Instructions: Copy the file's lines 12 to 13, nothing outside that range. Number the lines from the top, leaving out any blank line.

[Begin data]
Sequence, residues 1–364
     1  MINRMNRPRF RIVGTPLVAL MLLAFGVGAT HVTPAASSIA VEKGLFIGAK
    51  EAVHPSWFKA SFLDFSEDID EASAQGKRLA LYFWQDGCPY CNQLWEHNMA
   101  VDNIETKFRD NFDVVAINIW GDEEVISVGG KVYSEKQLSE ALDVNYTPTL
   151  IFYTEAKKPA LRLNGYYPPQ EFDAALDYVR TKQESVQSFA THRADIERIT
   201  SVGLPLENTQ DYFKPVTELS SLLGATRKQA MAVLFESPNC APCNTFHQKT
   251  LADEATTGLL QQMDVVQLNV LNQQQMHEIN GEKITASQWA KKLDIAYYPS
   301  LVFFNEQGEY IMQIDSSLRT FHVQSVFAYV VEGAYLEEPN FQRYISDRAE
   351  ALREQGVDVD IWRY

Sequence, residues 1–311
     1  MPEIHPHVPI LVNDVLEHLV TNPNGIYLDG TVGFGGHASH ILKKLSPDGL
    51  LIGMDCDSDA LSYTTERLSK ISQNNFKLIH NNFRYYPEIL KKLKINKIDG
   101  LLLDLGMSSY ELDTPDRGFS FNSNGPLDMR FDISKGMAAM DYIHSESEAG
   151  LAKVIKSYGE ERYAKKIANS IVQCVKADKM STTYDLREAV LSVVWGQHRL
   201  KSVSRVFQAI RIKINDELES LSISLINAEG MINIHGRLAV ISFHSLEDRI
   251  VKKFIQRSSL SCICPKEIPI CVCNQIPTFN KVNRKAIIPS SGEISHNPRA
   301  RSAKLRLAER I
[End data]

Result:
    51  LIGMDCDSDA LSYTTERLSK ISQNNFKLIH NNFRYYPEIL KKLKINKIDG
   101  LLLDLGMSSY ELDTPDRGFS FNSNGPLDMR FDISKGMAAM DYIHSESEAG